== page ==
$ mysql_tzinfo_to_sql /usr/share/zoneinfo | mysql -u root -p mysql

Optionally, you may populate the table with specific time zone files:

$ mysql_tzinfo_to_sql <timezone_file> <timezone_name> | mysql -u root -p mysql


There are various tools and strategies to back up your databases.

If you are using the default InnoDB storage engine, a suggested way of backing up all your bases online while provisioning for point-in-time recovery (also known as “roll-forward,” when you need to restore an old backup and replay the changes that happened since that backup) is to execute the following command:

$ mysqldump --single-transaction --flush-logs --master-data=2 --all-databases -u root -p > all_databases.sql

This will prompt for MariaDB's root user's password, which was defined during database #Configuration.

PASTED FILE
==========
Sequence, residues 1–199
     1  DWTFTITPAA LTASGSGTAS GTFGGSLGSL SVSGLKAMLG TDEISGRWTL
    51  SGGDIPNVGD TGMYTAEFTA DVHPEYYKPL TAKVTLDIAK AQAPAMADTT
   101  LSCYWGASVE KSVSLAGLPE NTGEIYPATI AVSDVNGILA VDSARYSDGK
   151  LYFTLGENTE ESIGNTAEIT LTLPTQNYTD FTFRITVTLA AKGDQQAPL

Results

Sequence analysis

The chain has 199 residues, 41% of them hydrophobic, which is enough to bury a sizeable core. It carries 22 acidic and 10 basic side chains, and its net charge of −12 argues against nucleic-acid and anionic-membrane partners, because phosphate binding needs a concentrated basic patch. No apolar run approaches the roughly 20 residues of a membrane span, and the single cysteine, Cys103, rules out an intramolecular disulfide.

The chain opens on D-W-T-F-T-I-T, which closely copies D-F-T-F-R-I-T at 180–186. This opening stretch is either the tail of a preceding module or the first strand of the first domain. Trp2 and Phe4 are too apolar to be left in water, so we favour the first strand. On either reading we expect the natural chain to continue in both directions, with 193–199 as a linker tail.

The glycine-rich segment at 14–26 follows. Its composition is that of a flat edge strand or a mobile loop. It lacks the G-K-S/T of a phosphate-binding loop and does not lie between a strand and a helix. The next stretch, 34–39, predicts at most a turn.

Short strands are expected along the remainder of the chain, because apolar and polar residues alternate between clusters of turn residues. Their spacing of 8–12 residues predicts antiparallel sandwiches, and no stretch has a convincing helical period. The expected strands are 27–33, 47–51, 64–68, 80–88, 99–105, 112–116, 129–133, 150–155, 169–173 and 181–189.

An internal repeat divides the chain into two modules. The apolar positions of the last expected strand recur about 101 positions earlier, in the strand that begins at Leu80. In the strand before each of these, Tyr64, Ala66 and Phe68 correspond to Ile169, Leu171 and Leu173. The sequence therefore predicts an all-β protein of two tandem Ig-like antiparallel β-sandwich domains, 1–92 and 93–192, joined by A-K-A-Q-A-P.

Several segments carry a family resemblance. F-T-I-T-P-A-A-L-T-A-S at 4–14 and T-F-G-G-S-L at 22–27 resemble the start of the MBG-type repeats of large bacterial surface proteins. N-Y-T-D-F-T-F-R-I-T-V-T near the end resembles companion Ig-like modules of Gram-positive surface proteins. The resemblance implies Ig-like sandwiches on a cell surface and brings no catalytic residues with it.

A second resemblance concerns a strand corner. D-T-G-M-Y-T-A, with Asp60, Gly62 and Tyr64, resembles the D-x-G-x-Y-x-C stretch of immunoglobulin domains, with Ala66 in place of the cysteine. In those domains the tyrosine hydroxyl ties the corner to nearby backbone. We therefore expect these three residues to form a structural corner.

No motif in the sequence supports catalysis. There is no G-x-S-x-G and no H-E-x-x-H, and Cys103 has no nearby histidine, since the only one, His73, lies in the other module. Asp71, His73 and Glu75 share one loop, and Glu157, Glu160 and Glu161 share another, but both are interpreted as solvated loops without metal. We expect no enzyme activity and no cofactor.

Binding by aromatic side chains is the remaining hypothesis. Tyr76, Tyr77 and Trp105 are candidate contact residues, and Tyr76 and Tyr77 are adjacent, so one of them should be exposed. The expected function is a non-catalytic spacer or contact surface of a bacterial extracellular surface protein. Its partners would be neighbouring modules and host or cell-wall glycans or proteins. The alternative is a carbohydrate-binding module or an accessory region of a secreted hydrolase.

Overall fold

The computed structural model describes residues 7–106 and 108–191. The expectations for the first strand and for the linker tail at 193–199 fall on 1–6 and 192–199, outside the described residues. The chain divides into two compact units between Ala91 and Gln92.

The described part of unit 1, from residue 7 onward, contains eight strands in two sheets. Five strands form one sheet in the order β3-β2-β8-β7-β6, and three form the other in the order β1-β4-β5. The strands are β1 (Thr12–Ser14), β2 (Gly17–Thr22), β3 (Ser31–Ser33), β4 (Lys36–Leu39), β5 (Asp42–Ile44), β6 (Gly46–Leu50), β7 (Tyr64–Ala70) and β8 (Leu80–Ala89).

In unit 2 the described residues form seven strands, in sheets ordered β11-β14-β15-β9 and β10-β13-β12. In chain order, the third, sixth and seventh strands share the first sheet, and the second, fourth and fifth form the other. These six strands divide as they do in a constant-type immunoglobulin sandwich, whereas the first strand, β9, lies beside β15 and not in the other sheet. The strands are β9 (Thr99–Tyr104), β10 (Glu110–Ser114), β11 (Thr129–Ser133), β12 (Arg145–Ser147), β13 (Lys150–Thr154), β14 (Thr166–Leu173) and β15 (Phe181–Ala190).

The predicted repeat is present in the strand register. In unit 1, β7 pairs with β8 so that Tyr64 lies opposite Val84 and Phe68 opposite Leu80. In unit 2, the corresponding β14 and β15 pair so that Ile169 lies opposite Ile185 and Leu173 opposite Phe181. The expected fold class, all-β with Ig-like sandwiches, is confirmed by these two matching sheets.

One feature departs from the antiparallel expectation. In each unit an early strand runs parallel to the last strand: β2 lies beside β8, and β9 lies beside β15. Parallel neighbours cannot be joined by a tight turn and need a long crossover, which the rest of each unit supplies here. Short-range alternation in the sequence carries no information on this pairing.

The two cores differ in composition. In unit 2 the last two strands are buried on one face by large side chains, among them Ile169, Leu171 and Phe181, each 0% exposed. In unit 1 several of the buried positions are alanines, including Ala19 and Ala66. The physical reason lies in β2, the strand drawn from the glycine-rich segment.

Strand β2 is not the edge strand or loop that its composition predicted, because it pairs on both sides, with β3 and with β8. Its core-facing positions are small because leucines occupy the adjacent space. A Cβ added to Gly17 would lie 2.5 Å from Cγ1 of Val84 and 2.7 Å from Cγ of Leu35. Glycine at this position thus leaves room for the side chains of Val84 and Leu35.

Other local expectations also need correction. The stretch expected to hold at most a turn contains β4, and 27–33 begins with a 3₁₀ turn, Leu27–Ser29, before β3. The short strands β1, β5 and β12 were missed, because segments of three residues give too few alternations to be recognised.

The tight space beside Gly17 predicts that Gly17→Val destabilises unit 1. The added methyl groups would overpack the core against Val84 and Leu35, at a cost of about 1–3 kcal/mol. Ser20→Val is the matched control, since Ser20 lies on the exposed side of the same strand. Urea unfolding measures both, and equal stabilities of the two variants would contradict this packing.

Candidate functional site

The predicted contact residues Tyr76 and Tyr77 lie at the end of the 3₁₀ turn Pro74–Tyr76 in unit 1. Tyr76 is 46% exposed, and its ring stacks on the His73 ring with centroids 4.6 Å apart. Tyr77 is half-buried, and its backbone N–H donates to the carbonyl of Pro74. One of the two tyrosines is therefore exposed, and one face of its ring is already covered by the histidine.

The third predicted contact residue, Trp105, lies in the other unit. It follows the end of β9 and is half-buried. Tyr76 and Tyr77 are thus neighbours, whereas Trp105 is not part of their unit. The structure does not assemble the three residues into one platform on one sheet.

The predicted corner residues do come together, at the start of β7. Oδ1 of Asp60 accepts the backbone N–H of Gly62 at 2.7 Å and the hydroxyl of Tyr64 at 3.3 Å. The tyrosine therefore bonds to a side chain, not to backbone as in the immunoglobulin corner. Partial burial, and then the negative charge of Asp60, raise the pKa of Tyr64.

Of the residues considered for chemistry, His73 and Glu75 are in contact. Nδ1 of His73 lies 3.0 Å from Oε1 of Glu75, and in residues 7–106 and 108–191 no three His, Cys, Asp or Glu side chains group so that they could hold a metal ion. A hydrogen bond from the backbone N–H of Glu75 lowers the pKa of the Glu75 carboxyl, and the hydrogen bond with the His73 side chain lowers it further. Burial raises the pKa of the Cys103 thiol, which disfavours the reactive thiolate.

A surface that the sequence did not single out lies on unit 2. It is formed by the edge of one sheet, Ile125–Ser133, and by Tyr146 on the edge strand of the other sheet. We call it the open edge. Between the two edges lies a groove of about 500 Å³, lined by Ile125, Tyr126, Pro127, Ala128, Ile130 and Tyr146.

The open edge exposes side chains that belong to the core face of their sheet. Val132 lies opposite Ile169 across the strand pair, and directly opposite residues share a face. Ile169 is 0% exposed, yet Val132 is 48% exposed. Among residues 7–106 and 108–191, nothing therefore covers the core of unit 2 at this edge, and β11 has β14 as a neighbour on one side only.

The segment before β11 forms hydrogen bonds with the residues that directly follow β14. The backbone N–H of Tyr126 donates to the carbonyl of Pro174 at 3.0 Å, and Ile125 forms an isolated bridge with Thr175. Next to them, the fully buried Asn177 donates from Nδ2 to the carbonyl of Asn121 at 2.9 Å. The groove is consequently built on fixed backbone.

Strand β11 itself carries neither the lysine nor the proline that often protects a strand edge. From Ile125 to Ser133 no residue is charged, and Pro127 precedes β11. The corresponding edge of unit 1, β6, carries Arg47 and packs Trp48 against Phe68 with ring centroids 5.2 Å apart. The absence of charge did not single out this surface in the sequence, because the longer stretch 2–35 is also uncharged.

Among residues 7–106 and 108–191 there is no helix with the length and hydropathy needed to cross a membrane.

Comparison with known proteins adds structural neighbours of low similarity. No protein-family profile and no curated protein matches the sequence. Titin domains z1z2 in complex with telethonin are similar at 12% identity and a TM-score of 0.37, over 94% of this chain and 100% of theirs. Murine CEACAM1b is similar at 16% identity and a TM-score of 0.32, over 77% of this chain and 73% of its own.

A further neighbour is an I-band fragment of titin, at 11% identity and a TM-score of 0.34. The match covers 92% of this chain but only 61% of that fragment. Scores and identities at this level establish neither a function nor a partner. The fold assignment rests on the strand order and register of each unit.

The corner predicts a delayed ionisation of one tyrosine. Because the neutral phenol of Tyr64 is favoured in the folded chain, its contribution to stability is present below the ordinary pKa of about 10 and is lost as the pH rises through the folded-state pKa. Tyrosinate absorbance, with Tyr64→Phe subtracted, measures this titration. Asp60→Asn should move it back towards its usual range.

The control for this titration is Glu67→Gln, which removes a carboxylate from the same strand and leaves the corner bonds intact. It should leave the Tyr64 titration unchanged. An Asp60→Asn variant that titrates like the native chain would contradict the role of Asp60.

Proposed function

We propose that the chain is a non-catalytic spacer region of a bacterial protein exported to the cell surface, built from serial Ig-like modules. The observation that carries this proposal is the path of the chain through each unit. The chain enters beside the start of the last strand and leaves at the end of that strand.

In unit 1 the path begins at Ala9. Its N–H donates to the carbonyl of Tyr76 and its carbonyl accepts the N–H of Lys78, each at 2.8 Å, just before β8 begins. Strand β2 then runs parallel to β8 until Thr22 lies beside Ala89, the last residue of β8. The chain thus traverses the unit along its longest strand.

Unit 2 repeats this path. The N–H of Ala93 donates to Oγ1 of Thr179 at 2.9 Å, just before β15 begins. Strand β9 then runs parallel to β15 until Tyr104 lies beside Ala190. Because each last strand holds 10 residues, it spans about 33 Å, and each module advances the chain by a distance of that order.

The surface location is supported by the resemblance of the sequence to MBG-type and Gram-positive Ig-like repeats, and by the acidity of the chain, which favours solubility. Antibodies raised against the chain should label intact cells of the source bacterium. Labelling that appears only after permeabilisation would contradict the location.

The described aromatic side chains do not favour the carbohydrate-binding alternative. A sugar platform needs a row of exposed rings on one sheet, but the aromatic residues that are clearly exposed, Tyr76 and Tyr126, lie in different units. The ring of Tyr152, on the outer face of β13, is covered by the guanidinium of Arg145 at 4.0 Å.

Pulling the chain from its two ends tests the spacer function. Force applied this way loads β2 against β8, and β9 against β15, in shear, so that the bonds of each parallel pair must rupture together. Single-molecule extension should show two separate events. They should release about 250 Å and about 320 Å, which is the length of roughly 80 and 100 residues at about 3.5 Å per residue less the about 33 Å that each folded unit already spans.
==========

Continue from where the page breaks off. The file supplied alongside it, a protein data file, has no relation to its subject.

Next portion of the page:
Specifying the password on the command line is strongly discouraged, as it exposes it to discovery by other users through the use of ps aux or other techniques. Instead, the aforementioned command will prompt for the specified user's password, concealing it away.


As SQL tables can get pretty large, it is recommended to pipe the output of the aforementioned command in a compression utility like gzip:

$ mysqldump --single-transaction --flush-logs --master-data=2 --all-databases -u root -p | gzip > all_databases.sql.gz

Decompressing the backup thus created and reloading it in the server is achieved by doing:

$ gunzip all_databases.sql.gz | mysql -u root -p